Busayo Anike: How deep sea ports can develop Niger Delta, boost national economy

By Busayo Anike

Under the New Vision for the Niger Delta region, the administration of President Muhammadu Buhari has proposed the establishment of Ibaka Deep Sea Port in Akwa Ibom State. The port is expected to boost economic activities in the region.

Up to five Deep Sea Port projects are in works in various part of Nigeria – Lekki, Badagry, Ibaka, Olokola, Ogidgben, Agege – in Lagos, Akwa Ibom, Ondo/Ogun, Delta and Bayelsa states. Of these locations, Lekki, Badagry and Akwa Ibom are often more reported about; with Lekki being a hive of development and technological advancements for the nation as the Federal Government recently pledged $1.5 Billion dollars into its progression, with Vice President Yemi Osinbajo, SAN, stating the project was a step in line to the federal government Economic Recovery Growth Plan (ERGP) – and the Akwa Ibom Deep Sea Port (IDSP) proposed to project economic advantages beyond its contemporaries currently under construction in other parts in Nigeria, as it is strategically positioned in the Gulf Guinea among up to 19 countries requiring various maritime services.

A deep sea port characterized by its location around a river or water channel that acts as a gateway to a large body of water channel that allows for protected staging and anchoring, or docking, for ships to load and unload consignments. Usually, deep sea ports are built in locations that have direct access to the open waters of the sea/ocean. Of the reported total of more than the 100 sea ports expansion in the world, more than half (up to 75%, as the studies show) are Deep Sea Ports (also known as Deepwater Ports).

The recent evident need for Deep Sea Ports, as stated, is a step towards regrowth of the nation’s economic plans. As the existing ports located in Lagos State, Rivers State, Cross Rivers and Delta state can no longer be solely depended upon. As Nigeria is largest importer and exporter of cargo in the West African region, it would be a reasonable goal to have one of the Deep Sea Ports to become the central hub for west and central African port services. As it is evident that bigger ships contain more cargo than the smaller ships and as companies obtain these bigger ships, a Deep Sea Port is the next logical conclusion.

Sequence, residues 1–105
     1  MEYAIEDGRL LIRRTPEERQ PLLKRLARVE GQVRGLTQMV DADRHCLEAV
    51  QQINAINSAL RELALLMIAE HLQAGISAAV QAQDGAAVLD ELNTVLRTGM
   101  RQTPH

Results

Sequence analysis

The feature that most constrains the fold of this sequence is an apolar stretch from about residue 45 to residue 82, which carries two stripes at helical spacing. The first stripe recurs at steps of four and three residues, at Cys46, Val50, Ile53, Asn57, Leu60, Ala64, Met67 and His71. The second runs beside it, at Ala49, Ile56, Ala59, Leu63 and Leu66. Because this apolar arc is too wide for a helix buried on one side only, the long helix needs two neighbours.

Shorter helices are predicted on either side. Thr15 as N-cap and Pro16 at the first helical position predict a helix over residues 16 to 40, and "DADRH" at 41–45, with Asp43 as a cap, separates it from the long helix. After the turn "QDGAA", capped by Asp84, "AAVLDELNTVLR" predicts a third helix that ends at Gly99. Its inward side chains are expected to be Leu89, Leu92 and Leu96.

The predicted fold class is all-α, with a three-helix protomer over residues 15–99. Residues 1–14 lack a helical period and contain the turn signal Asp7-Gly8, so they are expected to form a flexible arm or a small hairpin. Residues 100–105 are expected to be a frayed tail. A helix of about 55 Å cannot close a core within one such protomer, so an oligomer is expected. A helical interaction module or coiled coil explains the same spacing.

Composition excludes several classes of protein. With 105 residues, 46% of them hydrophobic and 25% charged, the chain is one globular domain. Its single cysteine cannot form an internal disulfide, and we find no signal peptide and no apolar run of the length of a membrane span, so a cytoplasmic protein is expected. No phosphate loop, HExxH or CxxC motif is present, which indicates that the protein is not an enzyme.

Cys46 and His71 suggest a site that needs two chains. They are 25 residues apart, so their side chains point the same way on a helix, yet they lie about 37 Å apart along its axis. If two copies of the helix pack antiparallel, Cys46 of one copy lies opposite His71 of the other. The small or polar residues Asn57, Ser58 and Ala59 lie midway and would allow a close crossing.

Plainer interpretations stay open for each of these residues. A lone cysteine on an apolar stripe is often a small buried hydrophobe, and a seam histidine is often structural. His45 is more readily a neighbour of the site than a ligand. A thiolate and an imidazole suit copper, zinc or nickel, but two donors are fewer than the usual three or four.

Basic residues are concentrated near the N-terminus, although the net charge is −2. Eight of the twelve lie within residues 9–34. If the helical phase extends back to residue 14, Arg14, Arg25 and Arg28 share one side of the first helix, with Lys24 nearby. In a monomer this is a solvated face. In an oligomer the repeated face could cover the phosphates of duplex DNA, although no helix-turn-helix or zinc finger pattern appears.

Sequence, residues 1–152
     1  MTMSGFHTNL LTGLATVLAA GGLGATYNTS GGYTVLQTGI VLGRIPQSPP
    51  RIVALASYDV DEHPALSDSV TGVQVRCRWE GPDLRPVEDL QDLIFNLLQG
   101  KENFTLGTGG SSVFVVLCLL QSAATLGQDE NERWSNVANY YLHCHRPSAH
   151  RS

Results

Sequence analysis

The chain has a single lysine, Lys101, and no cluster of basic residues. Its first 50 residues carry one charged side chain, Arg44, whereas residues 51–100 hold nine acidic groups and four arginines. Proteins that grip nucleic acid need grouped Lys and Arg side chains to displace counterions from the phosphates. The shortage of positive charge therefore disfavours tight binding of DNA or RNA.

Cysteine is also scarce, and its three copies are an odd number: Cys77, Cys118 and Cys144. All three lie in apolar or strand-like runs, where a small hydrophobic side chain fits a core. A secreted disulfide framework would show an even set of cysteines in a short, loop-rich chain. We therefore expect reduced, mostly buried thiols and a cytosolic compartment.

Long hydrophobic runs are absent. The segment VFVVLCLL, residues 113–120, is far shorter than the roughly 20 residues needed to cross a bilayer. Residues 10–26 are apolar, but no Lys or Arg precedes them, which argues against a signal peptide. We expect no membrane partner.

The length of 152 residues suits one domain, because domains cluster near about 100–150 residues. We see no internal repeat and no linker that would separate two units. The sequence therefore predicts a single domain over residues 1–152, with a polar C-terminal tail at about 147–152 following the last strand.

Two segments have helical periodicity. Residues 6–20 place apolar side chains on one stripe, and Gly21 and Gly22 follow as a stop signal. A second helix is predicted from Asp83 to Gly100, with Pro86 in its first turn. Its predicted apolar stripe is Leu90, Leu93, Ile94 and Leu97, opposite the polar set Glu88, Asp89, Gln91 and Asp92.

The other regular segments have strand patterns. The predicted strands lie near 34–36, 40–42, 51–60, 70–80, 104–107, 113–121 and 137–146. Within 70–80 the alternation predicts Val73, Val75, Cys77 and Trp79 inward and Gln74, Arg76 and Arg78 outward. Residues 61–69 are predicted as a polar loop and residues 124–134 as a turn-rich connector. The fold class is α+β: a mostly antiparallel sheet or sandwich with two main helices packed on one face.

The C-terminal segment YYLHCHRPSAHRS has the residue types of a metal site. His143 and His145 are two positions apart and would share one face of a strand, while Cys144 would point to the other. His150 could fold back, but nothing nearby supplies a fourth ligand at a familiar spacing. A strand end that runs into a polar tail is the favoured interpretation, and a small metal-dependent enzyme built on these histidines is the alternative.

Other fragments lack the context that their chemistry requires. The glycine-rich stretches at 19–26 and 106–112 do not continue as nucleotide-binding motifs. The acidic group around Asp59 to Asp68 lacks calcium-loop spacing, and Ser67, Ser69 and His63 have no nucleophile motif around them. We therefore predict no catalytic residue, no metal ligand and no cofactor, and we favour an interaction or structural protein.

The advantages a Deep Sea Port provides to a nation as large as Nigeria are numerous. Right of the gate, the construction and maintenance of a Deep Sea Port as large as the projected port in Lekki, Lagos would require thousands of constant workers, thereby providing countless jobs, stable jobs, for citizens both skilled and unskilled. With a targeted 1.5 million Twenty-foot Equivalent Units (TEU) container capacity annually, the Vice President, Yemi Osinbajo, said the completed project would generate up to 170,000 jobs in the economy; as President Buhari promises the Lekki Deep Sea Port would generate up to $200 billion dollars for the nation. In the global market, a Deep Sea Port would put a nation like Nigeria ever boldly on the map of the world’s business markets. It has been reported that over 100 global companies have begun displaying eager interests in the Akwa Ibom Deep Sea Port development. As disclosed by the State Commissioner of Housing and Duties, Akan Okon, up to 75% of paper work leading to actualization of the port have been achieved and cleared. “I am happy to tell you that as of today, the 27th of February, 2018, the bidding is still open, with over 100 companies across the globe displaying interest, with more expected to arrive,” said Akan Okon.

Like adding a train stop to a settlement to attract businesses, tourists and a prosperous population, the deep sea ports would vastly contribute to the growth of a city, a region and a nation. Placing a deep sea port, as opposed to a regular port, would bring in business of immeasurable scales to a community, with job opportunities especially being the selling factor and most importantly curbing youths restiveness.